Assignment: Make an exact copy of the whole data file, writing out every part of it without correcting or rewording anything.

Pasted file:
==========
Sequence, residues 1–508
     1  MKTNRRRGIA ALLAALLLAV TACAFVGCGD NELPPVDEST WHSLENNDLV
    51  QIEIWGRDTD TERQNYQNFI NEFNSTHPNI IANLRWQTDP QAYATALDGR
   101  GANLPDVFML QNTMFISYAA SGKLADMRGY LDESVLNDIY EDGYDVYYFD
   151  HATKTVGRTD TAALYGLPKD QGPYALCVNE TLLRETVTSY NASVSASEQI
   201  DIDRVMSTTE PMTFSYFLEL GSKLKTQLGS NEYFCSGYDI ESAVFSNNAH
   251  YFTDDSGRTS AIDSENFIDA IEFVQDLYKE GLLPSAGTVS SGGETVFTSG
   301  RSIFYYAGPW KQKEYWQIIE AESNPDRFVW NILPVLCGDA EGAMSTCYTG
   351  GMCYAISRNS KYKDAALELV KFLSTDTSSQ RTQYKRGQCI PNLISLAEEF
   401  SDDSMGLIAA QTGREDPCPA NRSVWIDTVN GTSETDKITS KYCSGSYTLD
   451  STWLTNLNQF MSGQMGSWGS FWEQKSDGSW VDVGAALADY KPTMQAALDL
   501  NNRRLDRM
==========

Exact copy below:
Sequence, residues 1–508
     1  MKTNRRRGIA ALLAALLLAV TACAFVGCGD NELPPVDEST WHSLENNDLV
    51  QIEIWGRDTD TERQNYQNFI NEFNSTHPNI IANLRWQTDP QAYATALDGR
   101  GANLPDVFML QNTMFISYAA SGKLADMRGY LDESVLNDIY EDGYDVYYFD
   151  HATKTVGRTD TAALYGLPKD QGPYALCVNE TLLRETVTSY NASVSASEQI
   201  DIDRVMSTTE PMTFSYFLEL GSKLKTQLGS NEYFCSGYDI ESAVFSNNAH
   251  YFTDDSGRTS AIDSENFIDA IEFVQDLYKE GLLPSAGTVS SGGETVFTSG
   301  RSIFYYAGPW KQKEYWQIIE AESNPDRFVW NILPVLCGDA EGAMSTCYTG
   351  GMCYAISRNS KYKDAALELV KFLSTDTSSQ RTQYKRGQCI PNLISLAEEF
   401  SDDSMGLIAA QTGREDPCPA NRSVWIDTVN GTSETDKITS KYCSGSYTLD
   451  STWLTNLNQF MSGQMGSWGS FWEQKSDGSW VDVGAALADY KPTMQAALDL
   501  NNRRLDRM